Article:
- Your living room is vulnerable to cyber attacks
- Three easy ways to separate work and play on the same PC
- Spammers top spoofing targets are still finance and travel industries
- Hold the phone: iMessage spam not all it's cracked up to be
- What happened to the Flashback Trojan? Turns out US universities are still riddled with it
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Twitter is looking to boost its advertising business by letting more businesses pay to include video in their tweets.
Rip Curl has launched a smartwatch for surfers that measures surf data and maps their ride on an interactive map.
A method for tracking users across the Internet called "canvas fingerprinting" is simple to stop, but average Internet users may not know how to do it.
Three stealthy tracking mechanisms designed to avoid weaknesses in browser cookies pose potential privacy risks to Internet users, a new research paper has concluded.
Twitter said Monday it has agreed to acquire TapCommerce a mobile advertising company focused on re-engaging people who have downloaded advertisers' apps.
Running a news website that is solely dependent on advertising for revenue means that ninemsn owner Mi9 has to mine customer data to engage in behavioural targeting.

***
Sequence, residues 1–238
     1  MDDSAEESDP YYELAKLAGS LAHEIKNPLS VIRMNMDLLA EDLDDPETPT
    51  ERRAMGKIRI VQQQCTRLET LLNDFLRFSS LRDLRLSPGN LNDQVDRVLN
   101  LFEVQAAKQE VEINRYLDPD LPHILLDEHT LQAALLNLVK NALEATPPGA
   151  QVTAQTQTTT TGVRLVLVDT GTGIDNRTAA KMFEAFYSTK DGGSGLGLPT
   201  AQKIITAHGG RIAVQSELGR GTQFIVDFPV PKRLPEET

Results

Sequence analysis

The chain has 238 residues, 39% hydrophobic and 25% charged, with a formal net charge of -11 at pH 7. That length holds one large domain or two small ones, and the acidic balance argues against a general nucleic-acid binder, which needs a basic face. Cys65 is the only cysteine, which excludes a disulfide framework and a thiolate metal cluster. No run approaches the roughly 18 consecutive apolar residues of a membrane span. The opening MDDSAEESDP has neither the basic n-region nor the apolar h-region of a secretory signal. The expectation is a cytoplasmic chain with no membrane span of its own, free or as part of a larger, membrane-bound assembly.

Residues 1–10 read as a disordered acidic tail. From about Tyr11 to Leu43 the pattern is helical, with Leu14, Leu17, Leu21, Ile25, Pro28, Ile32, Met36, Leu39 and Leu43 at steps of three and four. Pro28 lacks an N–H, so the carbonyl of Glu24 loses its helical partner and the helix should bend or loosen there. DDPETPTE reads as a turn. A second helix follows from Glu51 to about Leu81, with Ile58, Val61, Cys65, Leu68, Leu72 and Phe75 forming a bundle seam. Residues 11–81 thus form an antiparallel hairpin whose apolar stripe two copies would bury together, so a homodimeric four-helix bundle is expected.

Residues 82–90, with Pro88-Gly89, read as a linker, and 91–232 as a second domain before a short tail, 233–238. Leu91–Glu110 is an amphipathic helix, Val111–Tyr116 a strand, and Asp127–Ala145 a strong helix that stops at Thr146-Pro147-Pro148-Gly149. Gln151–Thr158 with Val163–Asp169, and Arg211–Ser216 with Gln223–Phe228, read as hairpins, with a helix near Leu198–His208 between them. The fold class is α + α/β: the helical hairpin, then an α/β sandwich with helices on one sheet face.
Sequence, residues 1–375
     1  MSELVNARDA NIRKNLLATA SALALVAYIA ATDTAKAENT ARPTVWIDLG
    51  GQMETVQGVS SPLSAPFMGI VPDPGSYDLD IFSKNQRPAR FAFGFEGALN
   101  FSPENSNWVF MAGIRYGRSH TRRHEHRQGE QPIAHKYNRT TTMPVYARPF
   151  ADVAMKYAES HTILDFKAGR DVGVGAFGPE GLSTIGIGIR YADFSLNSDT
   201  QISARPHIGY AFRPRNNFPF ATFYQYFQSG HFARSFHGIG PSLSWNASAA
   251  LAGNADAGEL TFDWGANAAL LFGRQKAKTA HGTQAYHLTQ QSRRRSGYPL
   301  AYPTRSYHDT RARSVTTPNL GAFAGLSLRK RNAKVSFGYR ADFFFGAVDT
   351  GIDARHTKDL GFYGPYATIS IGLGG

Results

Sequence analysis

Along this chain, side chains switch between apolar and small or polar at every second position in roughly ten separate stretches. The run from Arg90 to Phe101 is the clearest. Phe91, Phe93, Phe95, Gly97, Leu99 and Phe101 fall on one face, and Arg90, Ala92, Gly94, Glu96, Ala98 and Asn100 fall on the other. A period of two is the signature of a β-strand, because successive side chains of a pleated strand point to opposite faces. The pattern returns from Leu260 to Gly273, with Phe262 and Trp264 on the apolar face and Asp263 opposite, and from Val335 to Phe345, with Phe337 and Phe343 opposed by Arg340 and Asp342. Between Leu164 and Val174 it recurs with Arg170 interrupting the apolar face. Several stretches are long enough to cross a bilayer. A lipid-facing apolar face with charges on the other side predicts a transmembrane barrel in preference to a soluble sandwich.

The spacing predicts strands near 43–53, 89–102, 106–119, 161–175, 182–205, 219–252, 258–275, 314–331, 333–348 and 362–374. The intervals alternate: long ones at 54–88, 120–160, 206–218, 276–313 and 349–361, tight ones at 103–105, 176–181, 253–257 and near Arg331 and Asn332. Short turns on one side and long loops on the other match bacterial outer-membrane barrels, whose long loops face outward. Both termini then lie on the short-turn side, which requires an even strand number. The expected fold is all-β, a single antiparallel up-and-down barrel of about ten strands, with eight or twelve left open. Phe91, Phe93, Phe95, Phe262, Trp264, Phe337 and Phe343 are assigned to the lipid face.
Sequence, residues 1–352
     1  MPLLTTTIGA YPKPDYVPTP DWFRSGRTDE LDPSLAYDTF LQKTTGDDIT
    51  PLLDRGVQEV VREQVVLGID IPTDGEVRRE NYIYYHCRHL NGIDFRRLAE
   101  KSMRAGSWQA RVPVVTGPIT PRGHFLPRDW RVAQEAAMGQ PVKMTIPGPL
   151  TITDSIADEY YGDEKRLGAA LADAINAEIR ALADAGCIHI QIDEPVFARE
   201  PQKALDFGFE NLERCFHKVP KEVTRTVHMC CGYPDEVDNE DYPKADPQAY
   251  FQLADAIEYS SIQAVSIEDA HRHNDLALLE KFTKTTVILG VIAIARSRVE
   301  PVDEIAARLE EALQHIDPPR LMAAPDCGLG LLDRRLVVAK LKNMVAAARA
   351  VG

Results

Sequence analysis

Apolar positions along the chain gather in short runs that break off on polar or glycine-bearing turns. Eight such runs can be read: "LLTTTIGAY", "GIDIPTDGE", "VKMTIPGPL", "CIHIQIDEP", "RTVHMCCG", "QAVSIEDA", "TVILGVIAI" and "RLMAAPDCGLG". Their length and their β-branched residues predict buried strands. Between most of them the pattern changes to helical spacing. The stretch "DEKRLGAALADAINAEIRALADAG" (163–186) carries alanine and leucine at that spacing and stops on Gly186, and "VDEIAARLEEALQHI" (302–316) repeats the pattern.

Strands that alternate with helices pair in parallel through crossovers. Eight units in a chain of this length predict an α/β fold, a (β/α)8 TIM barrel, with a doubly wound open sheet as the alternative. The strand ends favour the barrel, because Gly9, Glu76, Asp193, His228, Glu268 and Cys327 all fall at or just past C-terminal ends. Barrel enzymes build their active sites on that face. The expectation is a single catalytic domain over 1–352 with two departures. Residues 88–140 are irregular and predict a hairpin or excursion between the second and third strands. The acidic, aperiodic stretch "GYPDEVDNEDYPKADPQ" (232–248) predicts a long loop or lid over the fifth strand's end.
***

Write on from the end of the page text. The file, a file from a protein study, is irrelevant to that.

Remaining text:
The U.S. Federal Trade Commission's antitrust settlement with Google will create few changes in the way the company operates, both critics and fans of the deal said.
Oracle surprised many tech industry observers by announcing Thursday it would pay US$871 million for marketing automation software vendor Eloqua. The move seemed a bit unlikely given the amount of sales and marketing software Oracle already had.
Facebook, which had been in the doghouse with Wall Street since it went public, wowed investors with its third-quarter report on Tuesday, in particular with its improvements and early results in the crucial mobile market.
Have you ever found yourself in an unfamiliar city with no clue about where to go and what to see? What if you could just hold up your phone, snap pictures of your surroundings, and discover interesting local restaurants and landmarks? With augmented-reality apps, you can do just that. But advertisers are jumping on the trend as well, so the same application that reveals intriguing potential destinations might also bombard you with ads for nearby fast-food chains. Can augmented reality actually be useful for consumers, or is it simply another way for corporations to get a hand in your wallet?
- Inexpensive Windows PCs hitting the market with help from Microsoft
- Study disputes predictions of coming spectrum crunch
- IBM turns to local rival for help as China gets tougher for foreign firms
- Security spending gets boost from mobile, social and cloud, says Gartner
- Microsoft engineer: 'Definitely problems' with test process after crippling Windows patch